Cloud Models and Their Use Cases
There are three deployment models for cloud computing: public cloud, private cloud, and hybrid cloud. Each deployment model has different aspects that you should consider as you migrate to the cloud. In this lecture, we’ll review each of them.
In this lecture, you will learn about the three primary deployment models for cloud computing, which are the public cloud, private cloud, and hybrid cloud. Each model presents unique aspects that are crucial to understand when considering a move to cloud services.
Starting with the public cloud model, you’ll explore how services are made available over the public internet and can be purchased by anyone interested. You will learn that in the public cloud, the resources such as servers and storage are managed by an external provider, exemplified here by Microsoft Azure, and are accessed online.
Next, the private cloud is introduced as a computing environment where resources are dedicated to a single organization. It’s important to understand that a private cloud can either be housed within an organization’s own data center or hosted by a third-party service provider. However, the defining characteristic of a private cloud is its exclusive use by one organization.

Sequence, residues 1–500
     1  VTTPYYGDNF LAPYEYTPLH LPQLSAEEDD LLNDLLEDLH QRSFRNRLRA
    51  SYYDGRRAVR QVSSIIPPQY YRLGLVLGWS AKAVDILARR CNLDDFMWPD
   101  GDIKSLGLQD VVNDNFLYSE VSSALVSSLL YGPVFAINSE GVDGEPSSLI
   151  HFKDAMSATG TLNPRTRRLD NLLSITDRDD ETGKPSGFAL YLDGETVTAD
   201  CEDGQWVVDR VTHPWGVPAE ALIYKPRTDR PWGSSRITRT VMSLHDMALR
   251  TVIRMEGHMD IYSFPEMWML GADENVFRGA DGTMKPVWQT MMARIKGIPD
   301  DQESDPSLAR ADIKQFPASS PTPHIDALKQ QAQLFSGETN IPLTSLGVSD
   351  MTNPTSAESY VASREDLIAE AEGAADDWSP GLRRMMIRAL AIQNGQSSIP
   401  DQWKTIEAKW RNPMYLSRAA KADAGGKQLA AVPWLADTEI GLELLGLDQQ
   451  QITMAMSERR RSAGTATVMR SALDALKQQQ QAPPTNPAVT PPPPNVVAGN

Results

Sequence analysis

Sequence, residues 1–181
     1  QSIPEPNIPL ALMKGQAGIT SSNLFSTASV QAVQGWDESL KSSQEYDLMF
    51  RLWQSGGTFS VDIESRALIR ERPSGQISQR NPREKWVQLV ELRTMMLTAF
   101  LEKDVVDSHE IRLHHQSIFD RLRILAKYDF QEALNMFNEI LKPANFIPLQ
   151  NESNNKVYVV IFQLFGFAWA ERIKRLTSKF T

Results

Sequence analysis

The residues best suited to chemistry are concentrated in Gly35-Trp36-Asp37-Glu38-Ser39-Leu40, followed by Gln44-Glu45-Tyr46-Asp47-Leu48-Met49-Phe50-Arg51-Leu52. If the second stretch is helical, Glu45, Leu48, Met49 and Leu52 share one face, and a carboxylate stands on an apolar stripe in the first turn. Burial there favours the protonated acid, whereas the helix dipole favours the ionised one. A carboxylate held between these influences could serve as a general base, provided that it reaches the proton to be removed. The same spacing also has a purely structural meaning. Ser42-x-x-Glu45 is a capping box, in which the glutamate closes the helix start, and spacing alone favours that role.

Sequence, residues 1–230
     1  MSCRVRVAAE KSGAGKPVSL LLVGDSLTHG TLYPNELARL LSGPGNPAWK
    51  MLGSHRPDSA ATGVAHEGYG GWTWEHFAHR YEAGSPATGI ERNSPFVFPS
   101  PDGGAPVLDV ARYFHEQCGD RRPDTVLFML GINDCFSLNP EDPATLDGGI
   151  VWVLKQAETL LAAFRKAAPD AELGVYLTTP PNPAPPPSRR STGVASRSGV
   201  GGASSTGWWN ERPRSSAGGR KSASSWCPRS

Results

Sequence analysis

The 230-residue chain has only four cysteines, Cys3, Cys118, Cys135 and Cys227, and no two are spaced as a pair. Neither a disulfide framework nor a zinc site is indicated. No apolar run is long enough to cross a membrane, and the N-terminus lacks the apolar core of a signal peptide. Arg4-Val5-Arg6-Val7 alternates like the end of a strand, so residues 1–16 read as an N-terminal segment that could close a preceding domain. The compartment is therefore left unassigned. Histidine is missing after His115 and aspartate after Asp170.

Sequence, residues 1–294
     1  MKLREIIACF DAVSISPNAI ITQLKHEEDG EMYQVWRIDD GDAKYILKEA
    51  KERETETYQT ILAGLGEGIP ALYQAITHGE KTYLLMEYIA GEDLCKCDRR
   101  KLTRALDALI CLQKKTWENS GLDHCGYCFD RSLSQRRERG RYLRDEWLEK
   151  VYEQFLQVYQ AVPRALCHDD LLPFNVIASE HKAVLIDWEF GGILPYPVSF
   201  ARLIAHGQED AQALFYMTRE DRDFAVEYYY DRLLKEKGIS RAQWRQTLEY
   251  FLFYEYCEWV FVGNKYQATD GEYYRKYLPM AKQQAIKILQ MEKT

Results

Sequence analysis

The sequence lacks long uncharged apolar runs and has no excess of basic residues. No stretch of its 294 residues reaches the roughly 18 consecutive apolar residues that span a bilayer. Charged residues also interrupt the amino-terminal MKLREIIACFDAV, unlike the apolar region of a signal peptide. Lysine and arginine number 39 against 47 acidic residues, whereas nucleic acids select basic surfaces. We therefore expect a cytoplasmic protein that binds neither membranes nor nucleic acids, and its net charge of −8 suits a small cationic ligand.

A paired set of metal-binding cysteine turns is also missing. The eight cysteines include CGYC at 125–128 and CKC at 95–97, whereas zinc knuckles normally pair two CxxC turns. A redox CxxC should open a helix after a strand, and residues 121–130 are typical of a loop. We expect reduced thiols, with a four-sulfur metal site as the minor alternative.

Moving on to the hybrid cloud, this section will clarify how it merges public and private clouds, permitting the sharing of data and applications between them. This model is particularly relevant for large organizations looking for flexibility in their computing needs.
The lecture will also delve into the specific use cases for each cloud model. For the public cloud, you will understand its cost-effective nature, as there are no capital expenditures needed to scale up. It allows for rapid provisioning and de-provisioning of applications with a pay-as-you-go pricing model.
For the private cloud, the focus will be on the initial investment in hardware and ongoing maintenance. Despite these costs, the private cloud offers complete control over resources and security, with the organization retaining responsibility for hardware upkeep and updates.
Lastly, the hybrid cloud is discussed as the most flexible yet potentially the most expensive option, which gives organizations the ability to choose where to run their applications while controlling security, compliance, and legal aspects.
As you prepare for exams on the topic, remember these key distinctions: the public cloud eliminates upfront costs and is shared amongst multiple customers, the private cloud is dedicated to a single organization which is responsible for all costs, and the hybrid cloud integrates both models, offering a balance of control and flexibility.